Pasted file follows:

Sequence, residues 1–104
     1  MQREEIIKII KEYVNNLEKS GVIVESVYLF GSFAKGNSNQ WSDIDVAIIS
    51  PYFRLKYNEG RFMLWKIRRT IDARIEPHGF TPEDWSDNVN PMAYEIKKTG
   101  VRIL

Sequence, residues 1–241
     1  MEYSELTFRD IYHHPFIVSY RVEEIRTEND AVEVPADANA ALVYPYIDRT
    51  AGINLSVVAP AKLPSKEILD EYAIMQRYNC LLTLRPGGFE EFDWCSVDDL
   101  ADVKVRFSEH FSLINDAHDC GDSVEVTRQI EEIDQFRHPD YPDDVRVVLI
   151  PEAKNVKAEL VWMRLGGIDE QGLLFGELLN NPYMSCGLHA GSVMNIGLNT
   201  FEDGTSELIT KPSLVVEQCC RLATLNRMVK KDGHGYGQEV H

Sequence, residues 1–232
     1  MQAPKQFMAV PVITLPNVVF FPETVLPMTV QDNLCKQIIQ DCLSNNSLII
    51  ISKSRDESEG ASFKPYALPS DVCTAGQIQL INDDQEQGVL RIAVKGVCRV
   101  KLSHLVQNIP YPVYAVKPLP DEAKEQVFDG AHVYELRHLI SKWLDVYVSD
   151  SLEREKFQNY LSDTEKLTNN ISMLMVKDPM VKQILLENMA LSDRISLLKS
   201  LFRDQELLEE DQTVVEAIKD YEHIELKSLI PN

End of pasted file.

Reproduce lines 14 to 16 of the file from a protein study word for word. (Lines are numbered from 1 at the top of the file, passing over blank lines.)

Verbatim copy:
   101  KLSHLVQNIP YPVYAVKPLP DEAKEQVFDG AHVYELRHLI SKWLDVYVSD
   151  SLEREKFQNY LSDTEKLTNN ISMLMVKDPM VKQILLENMA LSDRISLLKS
   201  LFRDQELLEE DQTVVEAIKD YEHIELKSLI PN